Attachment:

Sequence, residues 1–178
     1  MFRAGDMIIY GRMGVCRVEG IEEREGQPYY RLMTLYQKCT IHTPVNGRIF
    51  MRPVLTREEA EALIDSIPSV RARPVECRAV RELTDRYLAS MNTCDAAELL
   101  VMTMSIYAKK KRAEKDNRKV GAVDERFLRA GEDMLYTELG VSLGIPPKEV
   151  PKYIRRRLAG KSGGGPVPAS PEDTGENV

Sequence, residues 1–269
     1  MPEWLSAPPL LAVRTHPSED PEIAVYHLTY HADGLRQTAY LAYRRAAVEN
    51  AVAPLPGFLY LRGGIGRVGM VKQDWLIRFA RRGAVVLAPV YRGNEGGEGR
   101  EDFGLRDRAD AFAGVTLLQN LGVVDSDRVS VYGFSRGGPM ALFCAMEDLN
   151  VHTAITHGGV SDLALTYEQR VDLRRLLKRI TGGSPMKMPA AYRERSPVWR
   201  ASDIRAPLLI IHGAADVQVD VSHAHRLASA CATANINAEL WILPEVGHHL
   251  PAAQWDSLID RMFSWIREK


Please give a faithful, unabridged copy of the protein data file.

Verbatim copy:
Sequence, residues 1–178
     1  MFRAGDMIIY GRMGVCRVEG IEEREGQPYY RLMTLYQKCT IHTPVNGRIF
    51  MRPVLTREEA EALIDSIPSV RARPVECRAV RELTDRYLAS MNTCDAAELL
   101  VMTMSIYAKK KRAEKDNRKV GAVDERFLRA GEDMLYTELG VSLGIPPKEV
   151  PKYIRRRLAG KSGGGPVPAS PEDTGENV

Sequence, residues 1–269
     1  MPEWLSAPPL LAVRTHPSED PEIAVYHLTY HADGLRQTAY LAYRRAAVEN
    51  AVAPLPGFLY LRGGIGRVGM VKQDWLIRFA RRGAVVLAPV YRGNEGGEGR
   101  EDFGLRDRAD AFAGVTLLQN LGVVDSDRVS VYGFSRGGPM ALFCAMEDLN
   151  VHTAITHGGV SDLALTYEQR VDLRRLLKRI TGGSPMKMPA AYRERSPVWR
   201  ASDIRAPLLI IHGAADVQVD VSHAHRLASA CATANINAEL WILPEVGHHL
   251  PAAQWDSLID RMFSWIREK